Drivers across the US would be prone to multiple speeding tickets without the important assistance of the wheel speed sensor. This component, which is also referred to as an ABS sensor, is attached to the hub of a drive tire and is responsible for monitoring multiple vehicle functions such as traction control, anti-lock braking systems, and obviously, the vehicle’s speed. Due to this fact, when the wheel speed sensor is going bad or failing, it will commonly impact the operation of these other vehicle functions and display certain warning signs that any driver can instantly notice as they drive.
The wheel speed sensor is different than the speed sensor attached inside the vehicle's transmission. Its job is to record the actual wheel speed and report this data to the vehicle ECU which controls all electronic functions on the car, truck, or SUV. Like any electronic device, the best way to determine how well the wheel speed sensor is working is to measure voltage output with a voltmeter. Since most car owners don't have access to this tool, they have to rely on the warning signs that might indicate that this component is starting to wear out or has broken and needs to be replaced as soon as possible.
Noted below are a few of the warning signs of a bad or failing wheel speed sensor for your review.
1. ABS Light is illuminated on the dashboard
Since the wheel speed sensor also monitors the anti-lock braking system on your car, it's common for the ABS Light to illuminate when the sensor is worn out, disconnected, or has been struck by debris, which means you'll have to replace the wheel speed sensor. There are other problems that will also cause this light to illuminate including a faulty ABS pump, worn out brake pads, low brake fluid levels, issues with brake pressure, or air trapped in the brake lines.
Because of the seriousness of brake component failure or damage to your brakes, it's very important to contact an experienced mechanic as quickly as possible if you see the ABS Light on your dashboard lit as you drive.
2. ABS does not work properly
The anti-lock braking system is designed to apply smooth application of brake fluid to engage the brake calipers and pads to slow your car without locking up the tires. The wheel speed sensor is responsible for relaying the wheel speed to the ECU so that it can tell the ABS system how much pressure to safely apply. When the wheel speed sensor is broken or not working as it should, one of the first things that are affected is the ABS system.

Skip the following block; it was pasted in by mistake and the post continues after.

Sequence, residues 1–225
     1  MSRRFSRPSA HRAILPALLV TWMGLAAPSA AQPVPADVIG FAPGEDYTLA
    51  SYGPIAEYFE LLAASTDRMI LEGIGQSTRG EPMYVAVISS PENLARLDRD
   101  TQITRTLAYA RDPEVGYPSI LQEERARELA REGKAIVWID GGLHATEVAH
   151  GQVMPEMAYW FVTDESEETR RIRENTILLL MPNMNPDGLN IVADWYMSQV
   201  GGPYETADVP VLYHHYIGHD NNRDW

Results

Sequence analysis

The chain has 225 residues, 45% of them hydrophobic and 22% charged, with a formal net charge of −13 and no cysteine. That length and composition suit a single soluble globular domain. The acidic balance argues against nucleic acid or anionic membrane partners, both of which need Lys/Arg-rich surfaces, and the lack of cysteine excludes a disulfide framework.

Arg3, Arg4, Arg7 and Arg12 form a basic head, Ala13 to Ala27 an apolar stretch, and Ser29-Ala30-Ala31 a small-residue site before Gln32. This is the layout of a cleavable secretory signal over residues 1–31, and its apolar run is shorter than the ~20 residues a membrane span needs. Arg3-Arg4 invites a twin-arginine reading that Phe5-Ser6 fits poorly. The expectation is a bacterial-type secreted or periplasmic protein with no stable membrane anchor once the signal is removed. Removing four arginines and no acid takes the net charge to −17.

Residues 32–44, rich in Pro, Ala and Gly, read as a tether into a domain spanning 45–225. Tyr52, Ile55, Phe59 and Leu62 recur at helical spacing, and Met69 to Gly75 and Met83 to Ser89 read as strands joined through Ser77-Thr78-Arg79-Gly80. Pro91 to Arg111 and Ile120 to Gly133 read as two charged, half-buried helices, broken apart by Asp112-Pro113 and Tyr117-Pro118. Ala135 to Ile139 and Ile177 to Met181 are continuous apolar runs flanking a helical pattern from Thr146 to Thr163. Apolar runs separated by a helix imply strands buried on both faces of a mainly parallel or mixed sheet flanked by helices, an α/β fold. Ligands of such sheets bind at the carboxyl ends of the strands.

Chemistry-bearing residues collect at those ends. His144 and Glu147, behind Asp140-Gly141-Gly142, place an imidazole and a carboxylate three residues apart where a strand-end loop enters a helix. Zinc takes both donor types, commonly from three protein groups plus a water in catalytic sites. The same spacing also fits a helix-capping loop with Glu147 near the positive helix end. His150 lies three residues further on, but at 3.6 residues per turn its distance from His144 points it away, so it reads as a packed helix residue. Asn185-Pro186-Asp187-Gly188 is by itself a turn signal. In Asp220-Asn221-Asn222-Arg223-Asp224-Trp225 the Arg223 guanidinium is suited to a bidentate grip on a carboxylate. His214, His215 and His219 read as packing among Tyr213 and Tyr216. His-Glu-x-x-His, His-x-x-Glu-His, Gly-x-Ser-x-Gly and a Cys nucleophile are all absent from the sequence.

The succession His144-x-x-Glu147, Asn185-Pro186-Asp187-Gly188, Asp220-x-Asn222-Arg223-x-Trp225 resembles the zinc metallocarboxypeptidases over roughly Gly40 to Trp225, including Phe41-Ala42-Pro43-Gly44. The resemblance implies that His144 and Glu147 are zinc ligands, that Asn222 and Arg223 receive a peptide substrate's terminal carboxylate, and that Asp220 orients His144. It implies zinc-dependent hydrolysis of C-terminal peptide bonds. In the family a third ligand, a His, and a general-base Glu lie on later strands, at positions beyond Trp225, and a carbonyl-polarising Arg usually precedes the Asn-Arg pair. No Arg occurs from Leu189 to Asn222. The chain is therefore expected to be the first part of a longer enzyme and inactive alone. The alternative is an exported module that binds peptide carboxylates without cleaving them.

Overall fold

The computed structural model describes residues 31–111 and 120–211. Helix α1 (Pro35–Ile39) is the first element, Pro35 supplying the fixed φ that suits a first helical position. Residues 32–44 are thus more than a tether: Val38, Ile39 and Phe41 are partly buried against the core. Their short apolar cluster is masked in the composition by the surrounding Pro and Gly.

If you press your brakes and you notice that the front tires lock up, you should immediately contact a local ASE certified mechanic to inspect this problem. This problem can be a safety concern and should not be put off. If needed, it's recommended to stop driving the vehicle until a mechanic diagnoses the problem and fixes the ABS system. In the best case scenario, it will be a faulty wheel speed sensor that simply needs to be replaced.
3. Traction Control Light is active
The Traction Control Light on modern cars typically is illuminated when the driver of the car turns the system off. If you didn't complete this step or if the traction control is active, the most common reason that the light is illuminated is due to a faulty wheel speed sensor. The wheel speed sensor also monitors wheel speed and sends the data to the traction control system; which is why this warning sign is commonly due to a worn out or broken wheel speed sensor.
As with the ABS system, traction control is a safety device for cars, trucks, and SUVs. It's designed to ensure the tires don't break loose while the throttle is applied. If you notice that the traction control light is on, and you didn't turn it off, contact a local ASE certified mechanic immediately.
You can clearly see that the wheel speed sensor does much more than simply count how many revolutions your tire makes each second. It sends valuable data to the car’s onboard computer every millisecond, which is why it's very critical to the safe operation of your vehicle. If you notice any of the above warning signs, don't delay – contact a local ASE certified mechanic partnered with YourMechanic as soon as possible.